Blacks go to medical school abroad and return to the U.S. to practice
eon Daniels was working his way through college and scraping up money for the MCATs when he heard about a program that offered a free ride in medical school–if he went to Cuba.
“I always wanted to do medical school and this was the perfect opportunity,” said Daniels, a 31-year-old first-year student from Oakland, California. “It helped me not have to worry about paying loans back”
Daniels is one of about 100 American students–more than half of them black–enrolled in a Cuban government scholarship program at the Latin American School of Medicine. Started by Cuban President Fidel Castro in 2000, the program offers low-income students a free medical education in Cuba. In exchange, the students agree to go back to their American communities and offer medical care. The Congressional Black Caucus sent a delegation to Cuba in 2000 to meet with Castro and, after the subject of the underserved medical needs of those in American inner cities came up, he suggested the scholarship.
A cornerstone of Cuba’s international diplomacy is its medical outreach. In addition to the medical school scholarship, the country sends teams of doctors all over the world to respond to natural disasters, and Cuban doctors provide medical services to the underserved in Africa. According to Cuba’s foreign ministry, in 2006 the country was in the process of training 20,000 foreign students to be doctors, nurses, and dentists, most free of charge.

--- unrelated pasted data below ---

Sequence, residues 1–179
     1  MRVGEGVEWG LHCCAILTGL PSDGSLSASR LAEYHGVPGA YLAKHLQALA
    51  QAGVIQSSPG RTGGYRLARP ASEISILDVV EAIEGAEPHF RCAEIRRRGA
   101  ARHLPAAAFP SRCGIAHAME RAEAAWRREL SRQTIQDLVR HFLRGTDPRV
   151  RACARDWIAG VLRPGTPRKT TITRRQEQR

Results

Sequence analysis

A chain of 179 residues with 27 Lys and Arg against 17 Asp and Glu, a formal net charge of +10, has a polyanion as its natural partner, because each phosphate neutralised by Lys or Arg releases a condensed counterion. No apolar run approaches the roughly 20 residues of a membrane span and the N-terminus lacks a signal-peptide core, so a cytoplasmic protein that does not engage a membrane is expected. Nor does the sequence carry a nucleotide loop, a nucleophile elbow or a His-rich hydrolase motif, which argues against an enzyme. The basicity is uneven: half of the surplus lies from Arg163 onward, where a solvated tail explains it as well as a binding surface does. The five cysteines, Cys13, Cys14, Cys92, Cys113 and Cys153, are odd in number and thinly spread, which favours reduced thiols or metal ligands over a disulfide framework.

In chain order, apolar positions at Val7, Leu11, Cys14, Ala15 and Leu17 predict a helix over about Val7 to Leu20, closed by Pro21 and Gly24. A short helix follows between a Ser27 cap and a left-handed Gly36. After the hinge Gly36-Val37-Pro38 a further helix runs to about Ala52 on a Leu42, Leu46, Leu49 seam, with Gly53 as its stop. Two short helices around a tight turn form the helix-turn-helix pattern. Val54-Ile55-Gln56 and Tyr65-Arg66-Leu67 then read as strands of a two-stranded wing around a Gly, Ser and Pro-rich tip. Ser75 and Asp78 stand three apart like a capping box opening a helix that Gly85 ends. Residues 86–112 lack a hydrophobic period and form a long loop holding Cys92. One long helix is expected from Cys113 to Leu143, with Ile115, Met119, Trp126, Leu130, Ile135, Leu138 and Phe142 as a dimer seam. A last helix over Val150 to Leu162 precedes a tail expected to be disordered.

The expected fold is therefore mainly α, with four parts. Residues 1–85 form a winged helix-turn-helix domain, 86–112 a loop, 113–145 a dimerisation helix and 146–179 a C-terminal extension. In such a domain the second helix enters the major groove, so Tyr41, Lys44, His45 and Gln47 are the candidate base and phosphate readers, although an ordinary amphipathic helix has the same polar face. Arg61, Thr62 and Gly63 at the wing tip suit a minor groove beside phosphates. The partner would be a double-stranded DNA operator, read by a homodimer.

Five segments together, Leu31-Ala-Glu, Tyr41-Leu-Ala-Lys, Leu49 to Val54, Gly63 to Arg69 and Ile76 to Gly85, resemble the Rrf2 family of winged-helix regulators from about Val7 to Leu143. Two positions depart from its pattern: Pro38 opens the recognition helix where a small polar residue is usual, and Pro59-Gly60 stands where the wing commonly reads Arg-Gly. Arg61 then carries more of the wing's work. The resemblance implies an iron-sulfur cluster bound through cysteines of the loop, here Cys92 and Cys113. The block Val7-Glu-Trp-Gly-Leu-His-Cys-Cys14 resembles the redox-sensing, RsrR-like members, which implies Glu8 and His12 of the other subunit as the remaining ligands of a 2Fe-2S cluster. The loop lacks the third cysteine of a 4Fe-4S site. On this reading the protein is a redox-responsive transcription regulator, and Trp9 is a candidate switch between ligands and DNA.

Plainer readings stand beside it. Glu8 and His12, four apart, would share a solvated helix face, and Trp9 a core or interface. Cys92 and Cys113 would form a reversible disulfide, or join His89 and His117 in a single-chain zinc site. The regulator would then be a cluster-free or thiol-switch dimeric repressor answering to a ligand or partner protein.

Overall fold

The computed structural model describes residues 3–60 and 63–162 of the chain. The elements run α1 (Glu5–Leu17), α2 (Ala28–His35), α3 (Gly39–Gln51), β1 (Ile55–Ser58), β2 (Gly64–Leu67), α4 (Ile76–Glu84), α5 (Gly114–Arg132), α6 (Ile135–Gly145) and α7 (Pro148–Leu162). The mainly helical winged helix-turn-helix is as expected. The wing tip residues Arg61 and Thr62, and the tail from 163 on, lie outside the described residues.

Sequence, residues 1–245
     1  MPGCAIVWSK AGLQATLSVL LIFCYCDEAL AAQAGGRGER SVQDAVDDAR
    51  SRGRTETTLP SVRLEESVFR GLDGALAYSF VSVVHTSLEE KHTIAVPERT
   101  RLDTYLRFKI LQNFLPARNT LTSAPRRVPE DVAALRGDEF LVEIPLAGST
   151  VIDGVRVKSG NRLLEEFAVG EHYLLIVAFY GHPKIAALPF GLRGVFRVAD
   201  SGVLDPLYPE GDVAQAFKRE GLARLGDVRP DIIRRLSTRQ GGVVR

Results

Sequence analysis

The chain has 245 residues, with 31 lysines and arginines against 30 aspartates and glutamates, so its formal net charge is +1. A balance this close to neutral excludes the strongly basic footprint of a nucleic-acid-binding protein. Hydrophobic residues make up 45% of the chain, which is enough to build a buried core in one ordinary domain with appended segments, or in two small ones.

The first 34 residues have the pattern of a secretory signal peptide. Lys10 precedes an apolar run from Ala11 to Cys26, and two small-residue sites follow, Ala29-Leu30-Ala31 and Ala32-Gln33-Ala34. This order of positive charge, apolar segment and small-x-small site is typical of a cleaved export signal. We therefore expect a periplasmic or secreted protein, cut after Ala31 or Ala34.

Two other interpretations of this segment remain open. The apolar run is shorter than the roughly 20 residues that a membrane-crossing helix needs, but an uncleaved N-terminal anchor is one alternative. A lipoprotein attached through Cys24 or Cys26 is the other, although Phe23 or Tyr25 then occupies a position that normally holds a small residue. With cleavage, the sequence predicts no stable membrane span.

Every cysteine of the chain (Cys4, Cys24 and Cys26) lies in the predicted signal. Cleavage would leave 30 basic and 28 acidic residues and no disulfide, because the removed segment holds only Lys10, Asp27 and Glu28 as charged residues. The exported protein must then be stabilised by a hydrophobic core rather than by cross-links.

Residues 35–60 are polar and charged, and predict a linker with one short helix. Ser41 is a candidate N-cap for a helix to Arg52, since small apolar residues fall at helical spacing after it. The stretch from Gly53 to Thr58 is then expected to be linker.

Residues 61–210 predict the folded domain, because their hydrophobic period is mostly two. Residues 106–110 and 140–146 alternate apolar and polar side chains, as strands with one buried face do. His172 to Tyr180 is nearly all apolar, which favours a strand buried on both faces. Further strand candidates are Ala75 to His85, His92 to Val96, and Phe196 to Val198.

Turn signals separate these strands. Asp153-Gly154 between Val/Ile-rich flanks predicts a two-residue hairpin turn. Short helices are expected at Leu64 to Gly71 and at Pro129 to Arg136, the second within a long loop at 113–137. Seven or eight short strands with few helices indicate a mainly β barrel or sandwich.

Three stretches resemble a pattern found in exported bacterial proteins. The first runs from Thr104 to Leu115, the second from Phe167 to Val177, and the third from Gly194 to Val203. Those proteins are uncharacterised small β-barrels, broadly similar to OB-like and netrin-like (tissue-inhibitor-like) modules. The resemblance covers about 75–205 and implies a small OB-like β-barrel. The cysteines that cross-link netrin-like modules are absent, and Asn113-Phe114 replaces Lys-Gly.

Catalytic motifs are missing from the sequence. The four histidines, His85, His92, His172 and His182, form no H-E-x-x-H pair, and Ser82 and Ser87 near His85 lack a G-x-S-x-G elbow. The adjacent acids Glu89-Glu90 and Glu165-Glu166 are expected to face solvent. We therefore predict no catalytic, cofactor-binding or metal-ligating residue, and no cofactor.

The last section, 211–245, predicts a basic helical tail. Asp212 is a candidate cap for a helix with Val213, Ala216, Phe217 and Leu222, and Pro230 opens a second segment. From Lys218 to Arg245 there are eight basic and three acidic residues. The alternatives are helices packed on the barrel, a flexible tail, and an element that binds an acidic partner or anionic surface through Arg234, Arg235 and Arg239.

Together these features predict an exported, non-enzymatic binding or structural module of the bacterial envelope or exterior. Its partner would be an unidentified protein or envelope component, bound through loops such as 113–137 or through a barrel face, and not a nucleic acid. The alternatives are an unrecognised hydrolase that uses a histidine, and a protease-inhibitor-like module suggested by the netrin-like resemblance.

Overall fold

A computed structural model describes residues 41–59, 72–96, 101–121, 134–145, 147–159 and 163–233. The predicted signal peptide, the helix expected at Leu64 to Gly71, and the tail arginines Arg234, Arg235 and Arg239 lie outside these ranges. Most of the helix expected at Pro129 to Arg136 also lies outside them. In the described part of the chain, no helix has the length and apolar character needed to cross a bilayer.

Rev. Lucius Walker, executive director of the Interreligious Foundation for Community Organization, the New York-based group that receives and processes the applications for the scholarship, says the program is working to increase the number of African American, Latino, Asian American, and Native American doctors in the U.S. (According to the U.S. Census, only about 5% of U.S. doctors are black.)
“We see it as a tremendous opportunity to help provide quality medical care in the communities that are medically underserved,” Walker says.
The program will graduate its first class this summer, with the expectation that those students will take U.S. medical licensing exams and apply for entry into a U.S. residency program. Bill Kelly, director of credentialing and record services for the Educational Commission for Foreign Medical Graduates, says the commission has certified Cuban medical graduates for years. Last year, it certified 111 Cuban-trained graduates.
In acquiring that education, the students face challenges posed by the U.S blockade. In 2004, the Bush administration tightened rules on travel to Cuba, a move that threatened to force the students to leave the program. The Congressional Black Caucus obtained a special license allowing the students to stay legally.
Living conditions at the medical school are very different from those in medical schools in the U.S. Students share dorm rooms with 18 roommates. They take cold showers, and beans and rice is the standard diet. Classes are taught in Spanish.
But Daniels says it’s worth it. “I don’t know how I could have passed this opportunity up,” Daniels says. “The conditions, the food, the situation, it’s